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As a first time mom I had no idea what breastfeeding entail. I didn’t take a class. I bought a nursing tank, a nursing bra and a nursing cover. Boom. I was prepared. I was going to survive breastfeeding.
I was even offended when several mom friends suggested I have a thing of formula at home just in case I needed it. Just in case? Just in case I changed my mind? Just in case I didn’t like nursing my baby? It never crossed my mind that breastfeeding may not be all unicorns and rainbows.
Another thing that surprised me? How HARD breastfeeding can be. It is exhausting. It felt complicated holding a baby with one hand and trying to force a boob into their mouth with the other. Don’t worry, the first few times you try it, someone (a nurse or lactation consultant) will probably be using their hand to force your boob into your baby’s mouth.
I wasn’t prepared! Don’t be like me. I want you to survive breastfeeding. I want you to know what to expect and I want you to give yourself grace. All things I wish I would have done the first time around.
1. Take a class.
With Blaire, I didn’t take a class because everything I had heard about breastfeeding used the words “easy” and “natural”. It truly never crossed my mind I might not know how to hold my baby or how to get her to latch. Before Ben was born, I took a class through the hospital where I would deliver him. It was taught by the lactation consultants I would see in the hospital when he was born. It’s nice to have met someone at least once before they waltz into your room when you’re 30 minutes postpartum and topless. It was also very helpful to learn about breastfeeding while I wasn’t freshly postpartum and holding a crying newborn. The instructors also did a great job at helping to set the expectations I didn’t have as a first time mom. How much time I would probably spend nursing my baby, how much baby would eat and how often they would eat, etc.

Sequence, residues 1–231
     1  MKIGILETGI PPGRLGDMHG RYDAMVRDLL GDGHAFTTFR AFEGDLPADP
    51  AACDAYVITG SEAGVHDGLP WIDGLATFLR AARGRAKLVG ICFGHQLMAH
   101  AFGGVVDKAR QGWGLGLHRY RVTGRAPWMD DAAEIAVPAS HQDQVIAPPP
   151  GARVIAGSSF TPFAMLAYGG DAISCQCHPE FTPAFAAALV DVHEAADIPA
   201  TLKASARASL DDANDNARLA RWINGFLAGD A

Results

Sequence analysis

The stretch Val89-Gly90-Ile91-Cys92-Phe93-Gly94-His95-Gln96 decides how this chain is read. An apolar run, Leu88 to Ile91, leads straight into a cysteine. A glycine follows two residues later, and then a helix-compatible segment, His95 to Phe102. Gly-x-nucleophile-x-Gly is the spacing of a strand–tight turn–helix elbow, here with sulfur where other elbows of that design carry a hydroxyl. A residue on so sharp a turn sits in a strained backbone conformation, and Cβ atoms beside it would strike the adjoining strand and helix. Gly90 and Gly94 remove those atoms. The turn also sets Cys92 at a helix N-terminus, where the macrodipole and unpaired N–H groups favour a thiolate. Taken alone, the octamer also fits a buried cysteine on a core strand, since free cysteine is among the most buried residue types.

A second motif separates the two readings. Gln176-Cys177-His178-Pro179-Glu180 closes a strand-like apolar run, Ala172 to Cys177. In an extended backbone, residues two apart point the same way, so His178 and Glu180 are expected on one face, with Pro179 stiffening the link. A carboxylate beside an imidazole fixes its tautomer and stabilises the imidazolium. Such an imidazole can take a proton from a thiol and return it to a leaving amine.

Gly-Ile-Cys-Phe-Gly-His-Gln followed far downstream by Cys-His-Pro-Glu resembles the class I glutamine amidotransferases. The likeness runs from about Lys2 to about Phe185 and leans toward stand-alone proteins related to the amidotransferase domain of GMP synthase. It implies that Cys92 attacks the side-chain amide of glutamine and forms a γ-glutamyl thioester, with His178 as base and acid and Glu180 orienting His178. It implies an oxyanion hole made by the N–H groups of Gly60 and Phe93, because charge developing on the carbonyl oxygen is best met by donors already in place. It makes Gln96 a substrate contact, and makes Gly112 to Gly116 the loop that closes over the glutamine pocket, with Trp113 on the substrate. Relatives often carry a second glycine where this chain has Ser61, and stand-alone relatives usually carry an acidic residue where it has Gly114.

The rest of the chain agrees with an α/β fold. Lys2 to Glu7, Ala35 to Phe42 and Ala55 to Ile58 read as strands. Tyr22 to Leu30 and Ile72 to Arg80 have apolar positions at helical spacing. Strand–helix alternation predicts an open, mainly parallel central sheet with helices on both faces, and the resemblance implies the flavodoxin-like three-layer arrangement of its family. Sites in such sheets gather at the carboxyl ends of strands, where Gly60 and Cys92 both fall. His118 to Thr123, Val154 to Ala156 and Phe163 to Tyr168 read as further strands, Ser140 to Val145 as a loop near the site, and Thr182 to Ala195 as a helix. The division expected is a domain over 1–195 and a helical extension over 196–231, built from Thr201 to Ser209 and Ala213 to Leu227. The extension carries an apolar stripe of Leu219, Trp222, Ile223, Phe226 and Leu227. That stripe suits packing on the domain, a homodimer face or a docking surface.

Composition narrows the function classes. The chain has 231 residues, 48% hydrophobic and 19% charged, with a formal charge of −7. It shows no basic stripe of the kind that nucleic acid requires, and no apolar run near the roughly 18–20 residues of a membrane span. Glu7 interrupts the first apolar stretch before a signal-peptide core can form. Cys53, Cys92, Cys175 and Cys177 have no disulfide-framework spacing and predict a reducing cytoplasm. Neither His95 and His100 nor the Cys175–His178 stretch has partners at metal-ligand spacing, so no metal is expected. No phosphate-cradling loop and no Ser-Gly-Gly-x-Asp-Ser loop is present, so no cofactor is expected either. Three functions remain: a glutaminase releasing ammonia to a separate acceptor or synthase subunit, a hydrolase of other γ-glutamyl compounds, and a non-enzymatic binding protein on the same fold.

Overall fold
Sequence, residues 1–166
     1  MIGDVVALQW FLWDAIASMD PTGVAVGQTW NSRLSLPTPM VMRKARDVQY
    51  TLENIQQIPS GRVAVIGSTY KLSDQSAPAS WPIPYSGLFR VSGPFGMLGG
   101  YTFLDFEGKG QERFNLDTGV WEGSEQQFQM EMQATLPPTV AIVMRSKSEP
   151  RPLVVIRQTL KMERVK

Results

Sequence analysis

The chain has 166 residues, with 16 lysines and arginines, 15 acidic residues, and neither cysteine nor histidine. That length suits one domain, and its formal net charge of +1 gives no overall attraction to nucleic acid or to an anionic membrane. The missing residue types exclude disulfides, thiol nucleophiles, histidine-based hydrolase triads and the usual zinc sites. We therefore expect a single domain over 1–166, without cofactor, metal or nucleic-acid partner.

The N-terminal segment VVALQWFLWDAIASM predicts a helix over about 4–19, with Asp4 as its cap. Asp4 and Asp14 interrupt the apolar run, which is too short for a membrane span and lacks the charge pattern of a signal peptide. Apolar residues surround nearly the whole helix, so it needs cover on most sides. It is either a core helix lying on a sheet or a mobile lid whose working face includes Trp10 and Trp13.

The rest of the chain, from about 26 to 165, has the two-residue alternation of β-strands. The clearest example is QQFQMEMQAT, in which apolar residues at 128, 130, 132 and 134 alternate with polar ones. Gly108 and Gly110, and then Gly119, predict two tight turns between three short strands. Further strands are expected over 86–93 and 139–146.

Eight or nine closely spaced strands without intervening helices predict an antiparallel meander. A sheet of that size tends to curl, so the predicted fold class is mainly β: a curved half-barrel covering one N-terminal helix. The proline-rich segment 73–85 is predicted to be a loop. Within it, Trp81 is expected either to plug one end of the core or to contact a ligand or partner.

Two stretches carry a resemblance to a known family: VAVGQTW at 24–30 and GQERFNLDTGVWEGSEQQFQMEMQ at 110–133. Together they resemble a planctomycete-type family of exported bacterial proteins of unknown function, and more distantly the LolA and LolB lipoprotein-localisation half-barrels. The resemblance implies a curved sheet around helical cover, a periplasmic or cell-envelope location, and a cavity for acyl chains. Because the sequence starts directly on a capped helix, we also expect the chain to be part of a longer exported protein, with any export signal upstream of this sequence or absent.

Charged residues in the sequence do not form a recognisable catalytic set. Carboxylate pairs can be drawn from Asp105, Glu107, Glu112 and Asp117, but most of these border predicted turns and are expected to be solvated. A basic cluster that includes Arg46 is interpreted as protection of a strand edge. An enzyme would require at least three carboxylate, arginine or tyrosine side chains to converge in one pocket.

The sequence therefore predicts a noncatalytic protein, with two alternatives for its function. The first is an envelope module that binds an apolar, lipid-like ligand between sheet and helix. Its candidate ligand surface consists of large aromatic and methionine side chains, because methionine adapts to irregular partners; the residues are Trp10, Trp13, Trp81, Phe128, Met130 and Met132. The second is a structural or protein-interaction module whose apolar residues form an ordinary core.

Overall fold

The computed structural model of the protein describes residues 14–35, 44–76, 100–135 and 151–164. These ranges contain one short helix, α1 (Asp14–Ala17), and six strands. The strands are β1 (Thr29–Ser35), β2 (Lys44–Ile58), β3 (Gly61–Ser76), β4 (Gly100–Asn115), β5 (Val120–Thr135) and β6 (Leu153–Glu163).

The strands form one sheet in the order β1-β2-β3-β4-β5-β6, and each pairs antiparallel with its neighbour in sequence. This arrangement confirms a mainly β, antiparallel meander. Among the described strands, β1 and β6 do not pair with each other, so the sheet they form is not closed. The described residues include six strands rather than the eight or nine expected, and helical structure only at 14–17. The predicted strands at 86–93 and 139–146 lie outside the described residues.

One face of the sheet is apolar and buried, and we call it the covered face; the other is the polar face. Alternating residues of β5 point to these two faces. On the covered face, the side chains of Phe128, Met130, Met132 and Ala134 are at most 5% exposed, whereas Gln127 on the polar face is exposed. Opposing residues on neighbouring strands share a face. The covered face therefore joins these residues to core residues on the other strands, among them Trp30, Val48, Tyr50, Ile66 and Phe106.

2. Talk to friends who have breastfed.
Talking to friends who have been there will help you to set your own expectations. Obviously everyone’s experience with breastfeeding is different, so talking to more than one person is important. For me, one of the hardest things was the stress of my boobs running my life. I had just spend the past 39 weeks sharing my body with a human and was counting down the days until my body was my own again. I couldn’t wait to go more than an hour without having to pee. Well instead of getting up overnight to pee, I was getting up overnight to pump, even when my baby was asleep.
I didn’t give any forethought to whether I’d be comfortable nursing in public (with or without a cover). I didn’t think about the logistics of clothes that would allow me to easily nurse. I didn’t know I would be STARVING all day every night those first few weeks. These are all things your friends can talk you through. In this blog post you can find some of my favorite items that helped me to survive breastfeeding.
3. Take time to yourself.
As a first time mom I obviously had no idea what to expect after Blaire was born. I thought having constant visitors in the hospital and at home was just how it went. Well, let me tell you, having family and friends drop off food, diapers or coffee? Amazing! Having family and friends come over to sit around for hours to talk and hang out? Exhausting.
When you’re nursing or pumping, you might be attached to your baby for 90% of your day that first month. Maybe you’re comfortable nursing in front of your visitors, if so, that’s great! Maybe you want the company and enjoy it.
But for me, that wasn’t the case. Instead of being able to sit comfortably on my couch with my husband, feeding my baby, I was in a bedroom with her or attached to my pump while our visitors hung out in the living room with Jason, and Blaire, if I was pumping. Don’t feel guilty asking for space for your family. You, your partner and your baby are all learning this together, as you go. You should have the freedom to sit topless on your couch eating snacks and watching TV.
4. Don’t be afraid to ask for help.